Thursday, May 27, 2010
The May 2010 Daring Bakers’ challenge was hosted by Cat of Little Miss Cupcake. Cat challenged everyone to make a piece montée, or croquembouche, based on recipes from Peter Kump’s Baking School in Manhattan and Nick Malgieri.
I failed miserably at this challenge. I'm not sure how-- the recipe itself seemed rather straight forward and simple; without any special ingredients or components. I'm not sure exactly where I went wrong, but I do know that my Pate a Choux never rose into rounded shapes. They were flat and spread out. I could tell as I was incorporating the eggs that my batter was too runny. I followed the directions exactly, but could tell as I tried to pipe it onto the parchment paper that it was never going to turn out.
Because my Pate a Choux made discs instead of nice balls, I wasn't really able to mount my piece and give it any height. So instead, I just attempted to fill them with the vanilla cream and frosted them with some chocolate ganache and had some cream puffs instead of the classic cone-shaped piece montée.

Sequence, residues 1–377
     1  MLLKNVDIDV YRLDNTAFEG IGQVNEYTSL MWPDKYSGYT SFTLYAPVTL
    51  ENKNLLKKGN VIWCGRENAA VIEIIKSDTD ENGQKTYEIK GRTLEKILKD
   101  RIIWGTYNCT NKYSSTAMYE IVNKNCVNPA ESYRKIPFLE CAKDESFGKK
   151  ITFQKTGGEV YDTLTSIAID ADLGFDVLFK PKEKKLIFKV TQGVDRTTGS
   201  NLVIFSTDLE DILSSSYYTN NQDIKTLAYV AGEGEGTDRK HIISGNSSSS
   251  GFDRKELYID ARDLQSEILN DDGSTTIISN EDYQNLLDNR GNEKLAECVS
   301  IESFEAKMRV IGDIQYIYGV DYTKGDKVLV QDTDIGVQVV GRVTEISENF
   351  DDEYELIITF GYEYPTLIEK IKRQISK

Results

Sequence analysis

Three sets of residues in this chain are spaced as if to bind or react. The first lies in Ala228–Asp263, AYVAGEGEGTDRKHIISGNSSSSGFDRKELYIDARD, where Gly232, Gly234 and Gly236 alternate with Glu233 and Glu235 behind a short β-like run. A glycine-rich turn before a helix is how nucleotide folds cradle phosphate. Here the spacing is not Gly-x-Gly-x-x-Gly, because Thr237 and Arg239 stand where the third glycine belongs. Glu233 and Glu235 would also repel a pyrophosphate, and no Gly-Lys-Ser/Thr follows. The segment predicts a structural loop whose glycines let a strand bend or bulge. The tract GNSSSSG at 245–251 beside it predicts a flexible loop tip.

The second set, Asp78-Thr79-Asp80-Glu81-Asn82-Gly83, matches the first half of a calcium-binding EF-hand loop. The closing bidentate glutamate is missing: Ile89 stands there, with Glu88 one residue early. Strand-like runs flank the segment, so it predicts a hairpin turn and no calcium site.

While they may not be pretty (and definitely not wedding cake-worthy), they tasted scrumptious!
The only way I was going to get any height out of my dessert was by stacking it into a glass!
If you'd like to see what the results of this challenge really were supposed to look like, check out the Daring Bakers Blogroll. If you'd like to see more of my failed attempt at this challenge, read on.
For the Vanilla Crème Patissiere (Half Batch)
1 cup whole milk
2 Tbsp. cornstarch
6 Tbsp sugar
1 large egg
2 large egg yolks
2 Tbsp. unsalted butter
1 Tsp. Vanilla
Dissolve cornstarch in 1/4 cup of milk. Combine the remaining milk with the sugar in a saucepan; bring to boil; remove from heat.